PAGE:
(2012 Scott sez: My Wrestlemania memory here is that this was the first PPV I ever saw in a theater, since I had moved away from Edmonton and my usual wrestling fan crew in 2004 and needed a new venue. The only specifics I remember is that they were having trouble working out the color timing and blood was showing in kind of a grey color, but it was a pretty awesome first experience with the theater viewing. Sadly, the theater was demolished just a couple of years after this to make way for the latest and greatest Cineplex Galaxy theater, thus giving the city only one viable place to go to watch movies. The Canadian monopoly on first-run movie theaters is really depressing.) The SmarK Rant for WWE Wrestlemania 21 – I was going to do No Way Out first, but I figured I’d get less e-mails bugging me about this one if I took care of it first, so since that’s the kind of guy I am, here you go. – Live from Los Angeles, CA. – Your hosts are JR, King, Cole and Tazz. – The set is probably one of the best they’ve ever done, where it truly says marquee on the wrestling, to quote Arn Anderson. (That was an actual bungled Arn Anderson quote from Nitro, by the way. I’ve had people e-mail me after I posted this rant and be like “shouldn’t that say wrestling on the marquee?” but no, it’s correct as is.) – Opening match: Rey Mysterio v. Eddie Guerrero. Rey’s mask troubles are immediately apparent, and Eddie takes him down with a headlock to start. Rey overpowers him for two, but Eddie takes him down again, this time with an armdrag. Rey comes back with a sunset flip for two, but Eddie slingshots him out of the ring, and they exchange highspot fakes before Eddie heads back in, no harm done. They do the lucha sequence with the wristlock bridge and Eddie takes him down from there, but Rey breaks free and they criss-cross into a Rey monkey-flip, as he continues having mask troubles. Rey charges and Eddie dumps him and follows with a pescado, as Rey AGAIN fumbles with the mask afterwards. Back in, that gets two. Backdrop suplex gets two. Eddie tries to take him into the bow-and-arrow, but they’re not on the same page and it goes nowhere. He goes to an STF while Rey adjusts his mask again, getting a little OCD about it at this point, and Rey falls out of a powerslam attempt as they botch it pretty badly. Rey comes back with an armdrag that sends Eddie out of the ring, and Rey baseball slides him (after fumbling with the mask again) and follows with a pretty spectacular corkscrew plancha. Rey springboards back in with a buttdrop and then runs into an elbow, however, and Eddie takes over again. Rolling verticals are countered into a rollup by Rey. Eddie stops that rally with a backbreaker for two. Back to the rolling verticals, but this time Rey counters to a headscissor takedown, which puts Eddie in the 619 area code. It misses, and Eddie gets another backbreaker for two. Yet another try at the rolling verticals, which he gets to finish this time, and that sets up the frog splash. It misses, however, and Rey plays with his mask again despite all the pain. He still manages to roll up Eddie, but it gets blocked for two. Eddie tries to counter a rana with a powerbomb, but he gets sent into the ropes again and Rey hits him with the 619. West Coast Pop is blocked with a nasty powerbomb for two. Eddie charges and hits elbow, and Rey reverses another of his backbreaker attempts into the West Coast Pop for the pin at 12:37. Eddie plays nice afterwards, much to my surprise. An entertaining opener, but you had feel like they were feeling pressure to top themselves from years past, and the result was Rey worrying more about his mask and not enough about the match at times. It got going near the end, but not enough to be a classic or anything. ***1/4 (Yeah, you’d think if you were gonna pick one night to make sure your mask was properly fitted, it would be this one. Sadly, this was the last Wrestlemania match for Eddie Guerrero, and it’s too bad he had to go out on such a disappointing note.) – Money in the Bank: Edge v. Chris Benoit v. Chris Jericho v. Shelton Benjamin v. Christian v. Kane.(Oh, for the days when a mere six people would compete in these matches.) Everyone smartly attacks Kane before he can make it to the ring, but he fights them off, so Benoit and Benjamin suplex him on the floor. Christian makes a try for the ladder in the chaos, but Jericho see-saws it into his jaw as the match starts proper. Benjamin attacks Jericho in the corner, but gets bulldogged for his troubles. Jericho stops to dropkick Benoit and Edge off the apron, and then follows with a pescado on Edge. Christian joins the highspot party with a springboard crossbody, then Benjamin with a tope con hilo, and then Kane, just for the hell of it, with a dive from the top onto everyone. Kane, the only survivor of all that, brings a ladder into the ring and fights off the puny little midcarders, but Jericho dropkicks it in his face. Jericho makes use of the ladder, fighting off the others with it and dropping it on Edge. Benoit then gets the visually amazing spot of the night on any other show, hitting Jericho with a german suplex while Jericho was holding the ladder. The fact that it’s not even the spot of the MATCH is something else. Benoit tries to climb, but Kane catches him, so Benoit calmly takes him down with a crossface. Edge breaks that up, so it’s crossface for him, too. Kane hits him in the face with the ladder to break that up. Minus ten points for subtlety, plus several million for effectiveness. Kane wrecks Benoit’s shoulder in the ladder, but Edge breaks that up, and Edge & Christian briefly reunite for a Ladder Concerto on Kane. Benjamin springs in out of nowhere and clotheslines them afterwards, however. This is crazy, non-stop stuff. He spinkicks the ladder into Christian, but Edge gets the ladder back and sets it up in the corner, whipping Benjamin into it. He tries to follow with a spear, but gets flapjacked into the ladder for his troubles. Shelton follows with the stinger splash into the ladder, another visually amazing spot when you think about it, and he’s left alone with the ladder. Up he goes, but Jericho returns from the ether to climb up there with him and slug it out. (I think scientists should track where wrestlers in multi-man matches go between spots and see if the space can be utilized for other means. Like, since people obviously vanish into thin air when forcefully thrown out of the ring, are they hiding under a trap door? Disappearing into a portable wormhole? Going to the same place where Optimus Prime’s trailer goes to? Can we funnel excess garbage from the major cities there or hardened criminals, ala the Phantom Zone?) Christian sets up another ladder and follows them up, and Benoit slugs it out with him. The crowd is 4 steps ahead of them here and knows what’s coming, which is great. Edge gets his own ladder and heads up, so they start doing highspots, as Christian takes Benoit down with a divorce court (further buggering the arm) and Jericho goes down as well, leaving Benjamin to get the exploder off the ladder onto Edge. Both visually astonishing and relatively safe, which is great to see. So Jericho is the last survivor and he climbs, but Christian tries to hit him with a ladder. It misses and the ladder gets wedged into the main one, making a ramp. Shelton then runs UP that ramp to knock Jericho off, which is just about the most fucking amazing spot I’ve ever seen in one of these matches. I can’t believe the kind of timing it takes to set up that spot without looking more contrived than the plot of Star Wars Episode I, and then pull it off smoothly. (Perhaps Shelton was flush with midiclorians at the time.) Shelton climbs for the spoils, but Christian uses his ramp ladder to knock him off. Kane then returns from the dead and chokeslams Shelton into the ropes, tying him up there, but Tomko interjects himself now. He helps Christian up the ladder with a piggyback ride (A great simple spot you don’t often see in ladder matches for some reason), but Kane breaks that up and follows him up the ladder. He can’t get him down, so he goes for the direct approach and pushes the whole ladder out of the ring, with Christian on it! Kane now climbs up, but Jericho follows him up and slugs it out with him, and they both go down hard. So Benoit, selling the arm like a crazy man (Poor choice of words there), sets up another ladder in the corner and goes up to the top of it, hitting Kane with the diving headbutt from the top of THAT. WHILE SELLING THE ARM. And then he continues selling it afterwards. His previous forehead injury also opens up again, resulting in a nice flow of blood, but Kane sits up. They fight it out on the ladder, then there’s some nice continuity, as Kane tries another chokeslam off the ladder, and Benoit unleashes the machine gun headbutts this time to block him. Benoit gets to the contract, but Edge hits him in the arm with a chair, knocks him off, and wins the match at 15:22. Probably one of the greatest examples of the carwreck genre that I’ve ever seen, second only to the original TLC matches, which hold up surprisingly well too. ****3/4 (I don’t think the subsequent MITB matches really managed to top this one, unless maybe in degree of spot difficultly or most people crammed into one match.) Reasons why this match ruled so hard:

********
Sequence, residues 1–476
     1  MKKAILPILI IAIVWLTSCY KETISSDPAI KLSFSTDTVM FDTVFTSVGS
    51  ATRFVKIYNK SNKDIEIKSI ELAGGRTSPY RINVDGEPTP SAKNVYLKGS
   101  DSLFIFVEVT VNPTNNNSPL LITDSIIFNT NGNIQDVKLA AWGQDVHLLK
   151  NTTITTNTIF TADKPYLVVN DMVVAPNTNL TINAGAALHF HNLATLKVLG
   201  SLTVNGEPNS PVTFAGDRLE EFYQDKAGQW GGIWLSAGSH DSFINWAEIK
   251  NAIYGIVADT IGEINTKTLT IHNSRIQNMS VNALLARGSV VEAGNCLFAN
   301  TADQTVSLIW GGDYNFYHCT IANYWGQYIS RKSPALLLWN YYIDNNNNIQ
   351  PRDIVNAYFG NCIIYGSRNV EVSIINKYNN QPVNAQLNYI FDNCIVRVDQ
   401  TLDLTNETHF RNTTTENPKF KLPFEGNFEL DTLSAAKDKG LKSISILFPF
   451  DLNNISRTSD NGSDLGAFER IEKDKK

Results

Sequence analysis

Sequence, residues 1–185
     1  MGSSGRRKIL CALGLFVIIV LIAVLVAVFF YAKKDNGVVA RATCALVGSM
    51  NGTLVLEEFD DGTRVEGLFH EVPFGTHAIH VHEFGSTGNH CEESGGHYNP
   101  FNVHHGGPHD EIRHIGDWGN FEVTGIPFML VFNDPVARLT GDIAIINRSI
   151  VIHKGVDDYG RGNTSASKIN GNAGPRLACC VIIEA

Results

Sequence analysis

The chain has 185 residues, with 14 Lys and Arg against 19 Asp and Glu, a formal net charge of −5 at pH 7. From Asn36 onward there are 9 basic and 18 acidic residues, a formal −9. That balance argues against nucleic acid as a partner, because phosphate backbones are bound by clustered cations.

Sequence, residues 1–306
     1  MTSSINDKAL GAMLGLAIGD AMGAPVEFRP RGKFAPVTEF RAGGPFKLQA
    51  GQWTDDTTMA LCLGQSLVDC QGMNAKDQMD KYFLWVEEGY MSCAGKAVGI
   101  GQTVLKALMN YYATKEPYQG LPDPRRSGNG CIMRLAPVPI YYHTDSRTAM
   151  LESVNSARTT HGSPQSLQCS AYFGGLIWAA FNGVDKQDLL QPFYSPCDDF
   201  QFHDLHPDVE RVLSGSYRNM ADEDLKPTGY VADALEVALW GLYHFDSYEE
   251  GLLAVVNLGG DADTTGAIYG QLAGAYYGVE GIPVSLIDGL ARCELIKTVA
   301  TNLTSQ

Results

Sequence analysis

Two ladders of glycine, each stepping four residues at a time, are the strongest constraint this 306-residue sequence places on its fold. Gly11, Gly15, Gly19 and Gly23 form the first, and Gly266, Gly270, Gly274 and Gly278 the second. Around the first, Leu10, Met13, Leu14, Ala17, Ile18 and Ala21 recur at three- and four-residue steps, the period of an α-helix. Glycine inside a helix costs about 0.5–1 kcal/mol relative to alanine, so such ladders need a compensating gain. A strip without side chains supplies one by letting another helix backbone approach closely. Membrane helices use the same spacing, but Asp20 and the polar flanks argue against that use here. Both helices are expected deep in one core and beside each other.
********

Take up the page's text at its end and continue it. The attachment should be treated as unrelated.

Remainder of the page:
- Everyone hit their spots energetically instead of the usual “stop and think about it” of other ladder matches recently.